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Bill Would Require Digital Streaming Providers to Pay for Public Right of Way

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With internet users across the country pulling the plug on their cable services, community access TV stations are turning to lawmakers for help.

At least one local Legislator has been paying attention. Last year, state Rep. Paul McMurtry (Dedham-D) filed House bill #4045 that seeks to establish a 5 percent fee on digital streaming providers.

“The evolution of technology and entertainment and delivery systems has continued to change — it has an impact on the local access television in our communities,” McMurtry said. “This will establish a 5 percent Legislative fee on digital streaming providers which use the public right of way free of charge.”

McMurtry appeared on WestfordCAT’s “Main Street” program with his colleague state Rep. James Arciero (Westford-D). McMurtry is chair of the Joint Committee on Tourism, Arts and Cultural Development. He serves Dedham, Westwood, and the Eighth Precinct of Walpole.

A former radio disc jockey and DVD store owner, McMurtry owns the Dedham Community Theater. He also served, years ago, on a community access TV board of trustees, he said.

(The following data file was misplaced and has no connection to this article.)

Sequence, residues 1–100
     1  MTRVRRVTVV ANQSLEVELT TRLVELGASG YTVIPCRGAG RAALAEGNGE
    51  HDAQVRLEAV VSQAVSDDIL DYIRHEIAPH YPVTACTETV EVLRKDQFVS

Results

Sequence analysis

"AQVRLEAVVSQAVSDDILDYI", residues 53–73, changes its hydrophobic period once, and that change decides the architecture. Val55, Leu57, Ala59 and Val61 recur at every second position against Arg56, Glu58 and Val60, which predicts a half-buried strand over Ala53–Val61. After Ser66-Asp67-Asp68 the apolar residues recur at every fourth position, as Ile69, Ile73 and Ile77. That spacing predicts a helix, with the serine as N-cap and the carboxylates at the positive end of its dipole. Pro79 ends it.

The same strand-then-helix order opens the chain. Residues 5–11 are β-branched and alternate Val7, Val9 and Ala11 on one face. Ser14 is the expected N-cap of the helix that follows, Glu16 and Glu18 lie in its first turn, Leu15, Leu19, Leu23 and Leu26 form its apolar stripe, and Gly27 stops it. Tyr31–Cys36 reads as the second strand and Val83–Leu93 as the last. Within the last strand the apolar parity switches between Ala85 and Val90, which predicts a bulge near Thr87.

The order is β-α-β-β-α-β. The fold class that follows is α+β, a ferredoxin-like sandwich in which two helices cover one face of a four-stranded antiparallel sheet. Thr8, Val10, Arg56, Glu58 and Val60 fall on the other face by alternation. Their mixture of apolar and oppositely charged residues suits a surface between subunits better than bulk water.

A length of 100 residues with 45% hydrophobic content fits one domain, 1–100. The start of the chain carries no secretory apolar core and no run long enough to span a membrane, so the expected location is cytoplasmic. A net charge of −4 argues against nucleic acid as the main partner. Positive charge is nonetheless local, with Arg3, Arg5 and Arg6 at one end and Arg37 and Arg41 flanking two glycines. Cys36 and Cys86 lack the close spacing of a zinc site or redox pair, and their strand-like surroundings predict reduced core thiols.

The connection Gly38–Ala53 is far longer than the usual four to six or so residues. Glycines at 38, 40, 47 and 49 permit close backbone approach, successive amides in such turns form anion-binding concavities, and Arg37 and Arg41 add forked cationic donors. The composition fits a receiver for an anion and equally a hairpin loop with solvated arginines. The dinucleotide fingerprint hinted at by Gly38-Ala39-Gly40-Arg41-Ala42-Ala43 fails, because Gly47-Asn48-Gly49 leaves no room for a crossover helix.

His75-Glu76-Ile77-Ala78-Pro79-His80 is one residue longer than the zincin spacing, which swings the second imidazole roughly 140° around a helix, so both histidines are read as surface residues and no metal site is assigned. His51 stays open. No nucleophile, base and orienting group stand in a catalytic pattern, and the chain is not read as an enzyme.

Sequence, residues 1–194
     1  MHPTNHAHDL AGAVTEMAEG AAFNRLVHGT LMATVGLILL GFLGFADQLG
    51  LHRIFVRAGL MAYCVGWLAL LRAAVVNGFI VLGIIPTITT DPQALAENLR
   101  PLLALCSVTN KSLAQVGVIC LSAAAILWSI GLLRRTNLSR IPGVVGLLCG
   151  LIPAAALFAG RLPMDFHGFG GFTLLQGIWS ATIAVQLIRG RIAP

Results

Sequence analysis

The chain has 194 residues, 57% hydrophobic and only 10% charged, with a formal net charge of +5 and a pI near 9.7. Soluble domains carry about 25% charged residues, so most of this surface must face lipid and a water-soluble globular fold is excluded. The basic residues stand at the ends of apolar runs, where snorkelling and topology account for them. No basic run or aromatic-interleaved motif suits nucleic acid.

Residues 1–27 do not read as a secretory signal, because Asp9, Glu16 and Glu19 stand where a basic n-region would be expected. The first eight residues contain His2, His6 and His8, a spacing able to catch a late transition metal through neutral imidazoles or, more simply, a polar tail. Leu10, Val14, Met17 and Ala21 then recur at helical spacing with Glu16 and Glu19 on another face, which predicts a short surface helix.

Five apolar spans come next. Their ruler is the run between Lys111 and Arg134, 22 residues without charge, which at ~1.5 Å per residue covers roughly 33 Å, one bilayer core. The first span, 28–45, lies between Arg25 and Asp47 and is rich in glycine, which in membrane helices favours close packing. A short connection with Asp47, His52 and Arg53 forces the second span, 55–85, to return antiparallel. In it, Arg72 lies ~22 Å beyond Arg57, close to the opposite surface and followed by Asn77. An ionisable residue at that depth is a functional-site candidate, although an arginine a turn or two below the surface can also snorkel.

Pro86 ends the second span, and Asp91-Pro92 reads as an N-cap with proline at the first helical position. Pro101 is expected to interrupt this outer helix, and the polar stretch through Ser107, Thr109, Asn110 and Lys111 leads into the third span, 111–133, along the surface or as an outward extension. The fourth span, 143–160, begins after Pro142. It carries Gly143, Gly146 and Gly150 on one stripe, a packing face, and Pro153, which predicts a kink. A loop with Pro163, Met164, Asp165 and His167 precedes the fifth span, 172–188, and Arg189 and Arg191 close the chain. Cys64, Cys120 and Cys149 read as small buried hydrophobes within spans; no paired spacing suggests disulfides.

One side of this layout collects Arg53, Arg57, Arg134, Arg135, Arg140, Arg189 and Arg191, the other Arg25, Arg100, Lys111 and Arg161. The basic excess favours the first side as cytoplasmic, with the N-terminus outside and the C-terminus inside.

Displaying an entrepreneurial spirit, McMurtry said, “This is an opportunity to find some sort of revenue stream so that we can continue to provide local access to residents of the commonwealth.”

If passed as written, bill 4045 would distribute one-fifth of the funds collected to the commonwealth General Fund, two-fifths to municipalities and local governments, and two-fifths to the communities.

According to the bill, “the Streaming Entertainment Fund shall make bi-annual distributions on March 1 and September 1 of each year. On those dates, the Streaming Entertainment Fund shall distribute, with no remainder left, all monies then held in the Fund…”

Arciero, who covers Westford, Littleton and part of Chelmsford, said he supports the bill.

But both he and McCurtry acknowledge the bill is unlikely to be acted upon before the end of the session this month — an impact of COVID-19 which set back the lawmakers’ schedule.

“Here we are at the end of the Legislative session, and almost on our way to the holiday season and Christmas and we still have five conference committees, major pieces of legislation that typically we wouldn’t be working to the Jan. 1 deadline…,” said Arciero.